Thoughts on ‘Up the Ra’ etc

So in the aftermath of the Irish Women’s International team qualifying for the World Cup, there has been a certain amount of controversy about their after-match celebrations in Glasgow.

In the dressing room the team were filmed singing the ‘Celtic Symphony’ a song by the Wolfe Tones that had the chorus ‘ooh ah up the Ra’.

My first thought was simply; ‘why did they upload this to to the internet?’ And secondly; ‘couldn’t they have sung something better’? Why is there a need to bring the memory of violent conflict into a sporting event?

Now, I’m not naïve about this. Sport, as well know, is ritualised warfare. This is deeply hardwired into our DNA. The triumph of our tribe over the opposing one is what it is all about. International sport is this writ large. If I may be permitted a digression, sport, particularly football, is also in a way a form of art, as witnessed by the economy and grace, the beauty even, of Amber Barret’s winning goal against Scotland on the night. But I digress. The heart of sport is a kind of non-violent ritualised conflict.

So in this context it is not surprising that sport and again, particularly international football, lends itself to violent nationalist imagery. It is all about ‘our side’ against theirs. Sports teams do often look to actual combatants, or at least those immortalised in song, as a kind of inspiration. Jack Charlton’s Irish (men’s) international side famously used to pump themselves up before games by playing the rebel ballad ‘Sean South from Garryowen’, which immortalised one of two IRA guerrillas killed in a raid on an RUC station during the ‘Border Campaign’ in 1957. This despite the fact that most of the team of the era were born in England.

Having some experience of Irish football fans culture I can attest that in the past (in the 1980s and 90s for example), rebel songs far more bloodthirsty than either Sean South or Celtic Symphony often got an airing.

Further, the song in question on the night was not nearly so explicitly a celebration of armed violence as ‘Sean South’. ‘Celtic Symphony’ is actually a rather strange and abstract homage to Celtic FC of Glasgow, whose fans call their home ground ‘Paradise’ (the song goes ‘we’re on our way to Paradise’) and references the ‘Jungle’ the now long departed terrace at Celtic Park. It continues that graffiti on the walls of Glasgow says, ‘we’re magic ‘we’re magic’ and also ‘ooh ah up the Ra’. This could, I suppose be taken as a mere description of Celtic fans chanting that slogan (which they did at the time the song was written, 1989) or as an endorsement of the chant. Take your pick.

Contrary to what some have been saying online, ‘up the Ra’ is not a reference to the ‘Old IRA’ of the 1920s that fought a guerrilla war against British rule (and subsequently against the Irish Free State too) as it was not a slogan of that era. ‘Up the RA’ along with ‘Tiocfaidh ar la’ and ‘the Brits’ are products of the Northern Ireland conflict or ‘the Troubles’ roughly 1969-1998 and so ‘the Ra’; referred to the Provisional IRA.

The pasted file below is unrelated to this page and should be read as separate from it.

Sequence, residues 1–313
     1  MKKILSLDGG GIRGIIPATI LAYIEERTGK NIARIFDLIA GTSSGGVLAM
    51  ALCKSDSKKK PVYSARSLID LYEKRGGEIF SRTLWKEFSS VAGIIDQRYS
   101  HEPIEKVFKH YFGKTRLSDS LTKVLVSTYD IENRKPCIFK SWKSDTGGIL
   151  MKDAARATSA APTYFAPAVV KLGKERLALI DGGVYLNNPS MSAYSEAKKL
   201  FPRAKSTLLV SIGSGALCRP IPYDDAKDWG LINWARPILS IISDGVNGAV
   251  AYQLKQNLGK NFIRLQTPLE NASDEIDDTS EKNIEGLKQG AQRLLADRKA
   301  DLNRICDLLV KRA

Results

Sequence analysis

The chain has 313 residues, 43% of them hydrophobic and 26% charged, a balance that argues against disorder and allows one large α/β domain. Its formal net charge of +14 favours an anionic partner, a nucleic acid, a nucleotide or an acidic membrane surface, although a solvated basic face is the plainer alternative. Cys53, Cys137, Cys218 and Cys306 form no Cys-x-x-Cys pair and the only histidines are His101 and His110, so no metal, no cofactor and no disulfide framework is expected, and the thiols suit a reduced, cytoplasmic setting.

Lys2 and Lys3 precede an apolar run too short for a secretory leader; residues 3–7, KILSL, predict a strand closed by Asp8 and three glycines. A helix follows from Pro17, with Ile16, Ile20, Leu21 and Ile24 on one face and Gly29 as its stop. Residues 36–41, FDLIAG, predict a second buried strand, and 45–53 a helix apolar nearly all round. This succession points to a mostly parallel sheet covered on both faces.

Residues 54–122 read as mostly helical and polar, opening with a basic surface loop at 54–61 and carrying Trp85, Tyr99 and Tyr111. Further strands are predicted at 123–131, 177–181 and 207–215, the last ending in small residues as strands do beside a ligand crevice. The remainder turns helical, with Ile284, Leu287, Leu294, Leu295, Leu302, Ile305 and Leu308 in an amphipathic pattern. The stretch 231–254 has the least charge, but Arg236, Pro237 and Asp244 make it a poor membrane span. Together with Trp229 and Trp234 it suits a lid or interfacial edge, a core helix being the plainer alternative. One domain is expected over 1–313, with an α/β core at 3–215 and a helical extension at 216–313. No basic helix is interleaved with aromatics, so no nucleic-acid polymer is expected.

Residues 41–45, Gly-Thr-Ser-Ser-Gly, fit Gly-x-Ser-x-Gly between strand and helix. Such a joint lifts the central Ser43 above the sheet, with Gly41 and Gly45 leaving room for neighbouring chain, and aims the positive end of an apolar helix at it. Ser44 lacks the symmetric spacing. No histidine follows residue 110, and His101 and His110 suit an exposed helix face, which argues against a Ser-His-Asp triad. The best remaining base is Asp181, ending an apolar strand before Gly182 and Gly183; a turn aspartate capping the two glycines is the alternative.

Were the women’s football team theme thinking along such lines when chanting ‘up the Ra’? I strongly doubt it. They were most likely singing a rousing song that combined football and a form of patriotism. I suspect that actual violent conflict (let alone car bombs and shootings of the Troubles) was the last thing they were thinking about.

But in any case, an old debate was wheeled out (certainly online), as it was in late 2020 when a Sinn Fein TD Brian Stanley equated the Kimichael ambush of 1920 with the Warrenpoint bomb attack on British paratroopers in 1978. One could not, one side said, support the actions of the IRA of 1919-21 and not those of the Provisional IRA. On the other, it was retorted that only young people with no actual memory of the Troubles would wish to minimise the suffering caused by the Provisional IRA campaign and compare it with the ‘Old IRA’.

There was also, from a Northern unionist perspective, the view aired that such songs were deeply hurtful and showed how little respect their community and its victims had in the south of Ireland. This of course provoked the response from Northern nationalists of the inconsistency of condemning rebel songs and at the same time celebrating British military or loyalist paramilitary violence. So it goes.

This is not the place to go into the historical comparisons between the IRA of the War of Independence and that of the Troubles. Suffice to say though, that if as the argument goes, savage deeds were done in both periods (this is certainly true) should this not be a cause for regret rather than celebration? Even if one deeply agrees with the cause of Irish independence and united Ireland? If violence was necessary in either period (which we could debate forever without result) does it still need to be revisited verbally at every opportunity?

I personally would also argue that the context to both eras was different and that context is important. If political violence is justified by motivation regardless of the political context, why is there not widespread support for a renewed campaign by the various groups now calling themselves the IRA? And yet virtually no one, including Sinn Fein supports this in the post Good Friday Agreement context.